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Foudecactus.com

Foudecactus.com

Site dédié aux cactus (Cactaceae) et aux plantes succulentes (Asparagaceae, Crassulaceae, Euphorbiaceae, Xanthorrhoeaceae). Toutes les plantes présentées ici sont issues de ma collection personnelle.

Publié le par foudecactus
Publié dans : #Aloe (Xanthorrhoeaceae)

 Famille des Xanthorrhoeaceae

(Anciennement Famille des Liliaceae)

Genre: Aloe Linné 1753

Nom scientifique:  Aloe humilis 

 (L.) Miller, 1768 

 

Distribution: Afrique du Sud.

Etymologie:  Aloe, du Grec "aloe" = nom de plante ;

humilis, dérivé du Latin = faible, modeste, par rapport à la croissante lente de la plante.

Synonymes:  Aloe acuminata, Aloe incurva, Aloe tuberculata, Aloe subtuberculata.

Température minimale:  - 5 °C si tenu au sec.

Exposition:  lumière très vive à plein soleil. 

Culture:  nécessite un substrat drainant de type cactées. Sa croissance s'effectue au printemps et en automne. Arroser de Mars à Octobre puis hiverner au sec. Peut être arrosée une fois par mois l'hiver, par beau temps.

 

Les boutons floraux se forment en Février - Mars.

 

 

Floraison en Avril. La floraison dure plus d'un mois. La hampe florale mesure 20 à 40 cm de longueur. La plante fait des rejets à la base.

 

(Provenance: Jardinerie Cactus et Palmiers, 83320 Carqueiranne)

https://foudecactus.com/pages/Producteurs_de_cactees_et_de_plantes_succulentes-6477144.html

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Données supplémentaires

 

1) Aloe humilis (L.) Mill.

The smaller form occurs in the Eastern Cape from Somerset East to Port Elizabeth, the robust form grows in the southwestern districts near Oudtshoorn. It is a very distinctive small aloe with greyish-green leaves which are tuberculate and have soft prickles on both surfaces, the margins having soft white teeth. It forms dense low clumps with scarlet flowers; the open flowers are pendulous, with conspicuous large bracts. Less common is the orange-flowered form from Hankey in the Eastern Cape. Flowering from August to September.

Référence: Doreen Court, dans "Succulent Flora of Southern Africa", Revised Edition, Struik Nature Edition, p 242, 2010.

 

2) Aloe humilis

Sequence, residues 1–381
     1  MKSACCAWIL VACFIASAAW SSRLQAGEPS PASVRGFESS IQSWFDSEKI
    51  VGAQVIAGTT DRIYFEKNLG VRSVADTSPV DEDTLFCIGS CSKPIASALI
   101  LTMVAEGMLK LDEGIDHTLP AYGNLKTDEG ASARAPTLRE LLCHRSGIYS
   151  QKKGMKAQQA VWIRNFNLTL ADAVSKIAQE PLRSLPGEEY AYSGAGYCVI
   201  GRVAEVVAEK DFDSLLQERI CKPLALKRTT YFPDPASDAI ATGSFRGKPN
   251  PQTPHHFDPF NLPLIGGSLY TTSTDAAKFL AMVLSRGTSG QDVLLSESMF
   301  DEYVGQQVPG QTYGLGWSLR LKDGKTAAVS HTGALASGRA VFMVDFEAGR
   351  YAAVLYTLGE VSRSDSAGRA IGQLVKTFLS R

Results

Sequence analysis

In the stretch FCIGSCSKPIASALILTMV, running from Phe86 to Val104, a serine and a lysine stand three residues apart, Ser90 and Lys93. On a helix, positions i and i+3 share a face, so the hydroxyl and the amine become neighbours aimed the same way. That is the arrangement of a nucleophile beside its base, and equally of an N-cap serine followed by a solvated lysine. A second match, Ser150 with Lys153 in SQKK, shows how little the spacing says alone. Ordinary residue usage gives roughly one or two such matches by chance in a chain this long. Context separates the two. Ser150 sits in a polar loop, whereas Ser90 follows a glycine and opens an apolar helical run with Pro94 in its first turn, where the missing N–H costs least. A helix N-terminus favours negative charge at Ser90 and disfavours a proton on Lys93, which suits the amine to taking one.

(L.) Miller, Gard. Dict. Abr. ed. 8: in corrig. (1768)

Plant stemless, forming dense groups. Leaves 20-30, erect to slightly incurved, very elongate ovate-acute, 10 x 1,2-1,8 cm, glaucous green with a powdery bloom, obscurely lineate, tuberculate with a scattering of white prickles on the lower surface, the margins with soft, white teeth, 2-3 mm long, 4-5 mm apart or more closely set. Inflorescence simple, erect, 25-35 cm tall. Raceme to 10 cm long, lax with up to 20 flowers. Floral bracts lanceolate, acute, to 25 mm long. Pedicels 25-35 mm long. Perianth scarlet or orange, cylindrical, inflated in the middle, 35-42 mm long, 4 mm across the ovary; outer tepals free for 22-28 mm. Stamens and style exserted 1 mm.

South Africa Cape of Good Hope, without precise locality. Iconotype: C. Commelijn, Hort. Med. Amst. Plant. Rar.: tab. 46 (1706).
A. humilis had a wide distribution in the south-eastern districts of the Western Cape and in the western half of Eastern Cape province, in karoid bush and similar semi-arid biomes. It is quite variable and at least five of its more distintive forms have, at various times, been assigned varietal rank, based principally on size. A. humilis is known extensively in cultivation as an attractive and easily grown dwarf plant. In the wild, some of its many forms tend to produce very large clusters of closely set rosettes. When in flower, these groups are most attractive.

Référence: S. Carter, J.J. Lavranos, L.E. Newton, C.C Walker, dans "Aloes, The Definitive Guide", Kew Publishing Edition, p 401, 2011.

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